One of the first challenges to a DIY at-home spiritual retreat is that it’s AT HOME. How can I meditate when the dogs are climbing over me, the baby is crying, the sink is full of dishes and the phone is ringing? Believe me, I hear you. When I was living as a Buddhist Nun at Tara Mandala retreat center in Pagosa Springs, Colorado, there were NONE of these distractions. In fact, it was almost too quiet…
But now, I’m a mom, I’m self employed, running my own business (The Holistic Homestead), no dogs…yet, dishes, laundry, telephones, etc. There is a big piece of me that yearns for the divine silence of a huge, empty temple first thing in the morning, slowly filling the water bowls, lighting the butter lamps, and settling quietly on my cushion for morning prayers. That’s why I created our annual online winter retreat, so that if only for nine days out of the year I can sink deep into winter, touch into my heart/spirit, and give myself the space to just * b r e a t h e *.
Even when space is at a premium, either time wise, or money wise, or space wise in your life, it is possible to create spiritual grounding by building a small shrine. What this little space looks like will be completely unique to each household and individual. If you are a solitary practitioner it may have to be in a corner of the bedroom, or take up the flat surface on your dresser, or even on a windowsill. If your whole family is religious to a certain extent, you may want to dedicate the mantel to sacred objects and images, or cover the television with a sacred cloth for one week and decorate the TV stand with candles, incense, prayer cards, and elements from nature.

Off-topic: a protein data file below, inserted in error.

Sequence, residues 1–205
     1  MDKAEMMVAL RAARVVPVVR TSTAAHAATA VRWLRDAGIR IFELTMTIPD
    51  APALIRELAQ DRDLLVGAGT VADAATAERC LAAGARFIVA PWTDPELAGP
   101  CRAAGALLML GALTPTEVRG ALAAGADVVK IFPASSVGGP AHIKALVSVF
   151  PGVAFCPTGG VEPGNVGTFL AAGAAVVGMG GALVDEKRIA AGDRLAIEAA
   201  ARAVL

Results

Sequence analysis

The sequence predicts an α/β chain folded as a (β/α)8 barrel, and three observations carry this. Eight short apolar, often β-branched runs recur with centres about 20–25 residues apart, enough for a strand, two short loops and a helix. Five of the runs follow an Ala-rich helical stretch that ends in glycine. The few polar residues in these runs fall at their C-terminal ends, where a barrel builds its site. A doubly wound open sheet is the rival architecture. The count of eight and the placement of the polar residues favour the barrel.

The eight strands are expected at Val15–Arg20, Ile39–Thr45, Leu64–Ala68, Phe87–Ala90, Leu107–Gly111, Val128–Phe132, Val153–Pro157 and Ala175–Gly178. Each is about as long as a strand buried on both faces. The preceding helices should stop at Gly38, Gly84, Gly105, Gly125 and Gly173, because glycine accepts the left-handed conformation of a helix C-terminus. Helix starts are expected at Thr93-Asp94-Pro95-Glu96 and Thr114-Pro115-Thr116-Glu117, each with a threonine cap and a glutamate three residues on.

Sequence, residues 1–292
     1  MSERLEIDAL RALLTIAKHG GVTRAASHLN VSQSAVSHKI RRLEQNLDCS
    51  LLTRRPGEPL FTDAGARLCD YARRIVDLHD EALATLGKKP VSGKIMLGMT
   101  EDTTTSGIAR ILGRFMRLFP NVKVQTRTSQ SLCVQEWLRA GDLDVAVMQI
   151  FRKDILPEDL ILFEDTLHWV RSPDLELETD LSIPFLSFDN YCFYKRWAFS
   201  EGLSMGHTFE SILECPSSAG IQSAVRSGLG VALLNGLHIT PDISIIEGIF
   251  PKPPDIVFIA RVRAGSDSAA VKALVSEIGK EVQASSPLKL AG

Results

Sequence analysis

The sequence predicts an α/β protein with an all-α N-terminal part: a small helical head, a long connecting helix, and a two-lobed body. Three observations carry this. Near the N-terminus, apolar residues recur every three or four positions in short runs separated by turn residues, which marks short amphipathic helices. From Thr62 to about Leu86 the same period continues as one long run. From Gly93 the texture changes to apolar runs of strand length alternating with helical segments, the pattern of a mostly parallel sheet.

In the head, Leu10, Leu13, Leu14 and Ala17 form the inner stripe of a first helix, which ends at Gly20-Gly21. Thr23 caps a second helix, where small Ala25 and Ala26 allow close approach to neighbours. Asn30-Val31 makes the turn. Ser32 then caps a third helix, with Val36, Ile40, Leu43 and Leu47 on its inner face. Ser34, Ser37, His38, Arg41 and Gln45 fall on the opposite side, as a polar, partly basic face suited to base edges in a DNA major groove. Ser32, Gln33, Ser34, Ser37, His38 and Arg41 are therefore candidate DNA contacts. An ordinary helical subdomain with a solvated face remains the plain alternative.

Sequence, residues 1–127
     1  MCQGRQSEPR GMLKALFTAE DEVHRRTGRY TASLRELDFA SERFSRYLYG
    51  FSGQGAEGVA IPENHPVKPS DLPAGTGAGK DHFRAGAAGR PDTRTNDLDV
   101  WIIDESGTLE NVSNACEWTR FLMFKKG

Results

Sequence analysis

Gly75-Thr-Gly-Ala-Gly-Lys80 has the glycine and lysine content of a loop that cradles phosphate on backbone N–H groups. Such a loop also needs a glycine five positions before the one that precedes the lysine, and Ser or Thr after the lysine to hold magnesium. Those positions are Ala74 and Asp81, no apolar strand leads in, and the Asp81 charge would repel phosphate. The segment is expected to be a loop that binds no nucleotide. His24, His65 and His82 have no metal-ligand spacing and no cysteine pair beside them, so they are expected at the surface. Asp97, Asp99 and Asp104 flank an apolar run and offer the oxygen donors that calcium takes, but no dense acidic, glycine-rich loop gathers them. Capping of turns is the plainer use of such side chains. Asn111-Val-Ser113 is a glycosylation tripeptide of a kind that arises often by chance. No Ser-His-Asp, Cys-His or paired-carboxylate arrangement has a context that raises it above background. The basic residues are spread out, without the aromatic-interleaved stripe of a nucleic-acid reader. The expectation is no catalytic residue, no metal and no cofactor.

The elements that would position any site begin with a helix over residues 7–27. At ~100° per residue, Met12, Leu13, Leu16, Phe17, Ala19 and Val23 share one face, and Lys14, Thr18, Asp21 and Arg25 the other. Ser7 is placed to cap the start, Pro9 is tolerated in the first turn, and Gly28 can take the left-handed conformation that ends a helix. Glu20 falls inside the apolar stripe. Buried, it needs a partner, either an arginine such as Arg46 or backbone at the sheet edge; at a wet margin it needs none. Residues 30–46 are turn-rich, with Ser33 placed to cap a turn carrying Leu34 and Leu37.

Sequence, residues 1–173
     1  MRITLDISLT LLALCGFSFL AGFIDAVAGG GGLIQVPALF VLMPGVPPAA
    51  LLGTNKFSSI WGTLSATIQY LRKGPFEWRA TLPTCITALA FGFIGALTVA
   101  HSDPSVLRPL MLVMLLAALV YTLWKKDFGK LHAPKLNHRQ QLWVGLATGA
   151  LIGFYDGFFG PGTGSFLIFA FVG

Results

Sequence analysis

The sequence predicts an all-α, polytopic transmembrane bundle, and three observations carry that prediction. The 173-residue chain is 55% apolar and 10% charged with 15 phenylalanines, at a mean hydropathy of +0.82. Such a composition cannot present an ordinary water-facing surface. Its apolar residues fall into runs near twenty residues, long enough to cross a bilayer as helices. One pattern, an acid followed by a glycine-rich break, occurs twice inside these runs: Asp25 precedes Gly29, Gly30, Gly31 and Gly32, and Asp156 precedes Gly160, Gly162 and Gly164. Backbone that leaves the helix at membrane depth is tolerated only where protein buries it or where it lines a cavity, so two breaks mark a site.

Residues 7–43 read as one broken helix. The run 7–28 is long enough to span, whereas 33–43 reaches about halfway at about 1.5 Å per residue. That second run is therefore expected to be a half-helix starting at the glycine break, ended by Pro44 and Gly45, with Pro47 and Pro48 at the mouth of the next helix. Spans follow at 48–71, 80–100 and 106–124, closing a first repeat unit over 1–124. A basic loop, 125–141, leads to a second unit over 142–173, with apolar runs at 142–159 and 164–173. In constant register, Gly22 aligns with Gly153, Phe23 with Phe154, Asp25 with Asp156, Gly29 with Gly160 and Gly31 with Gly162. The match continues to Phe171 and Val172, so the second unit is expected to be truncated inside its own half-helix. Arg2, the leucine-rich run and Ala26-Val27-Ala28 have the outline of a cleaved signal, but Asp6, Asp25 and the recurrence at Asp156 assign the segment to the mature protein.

1. Choose a space
Whatever the space you are imagining to dedicate to your heart/spirit, make sure it’s an open space that you will see many times every day – even if just in passing. Your altar will serve as a subtle reminder of the stable center that is your spiritual life, and your intention to honor your need for spiritual nourishment.
2. Go on a scavenger hunt for sacred things
Books, heirlooms, photos, sacred art, instruments, candles, gifts, cards, journals, and objects from nature like rocks, feathers, branches, flowers and soil are symbolic of your heart/spirit, and of where you’ve been, who you are now, and what you wish to accomplish. Since our focus for this year’s retreat is “Cultivating Compassion” you might look for things that evoke empathy, and an awareness of the suffering of others as well as the goodness of humankind like newspaper clippings and pictures of saints like Mother Teresa or religious leaders like the Dalai Lama.
3. Consider sacred geometry as you build your shrine
How does Spirit work? What is the shape of compassion? Would you build a heart shape out of rocks, or draw a spiral with sand? Is there a religious symbol with which you identify such as the Star of David or the Sanskrit “OM”? Would you paint “Allah” in Arabic or “Mu” in Japanese? Or maybe your relation to spirituality is as simple as a circle, built with the four elements, symbolizing the oneness of everything? Allow this symbol to be the floor-plan for your shrine.
Send us pictures of your altars to be featured during our Winter Retreat! E-mail to: email@example.com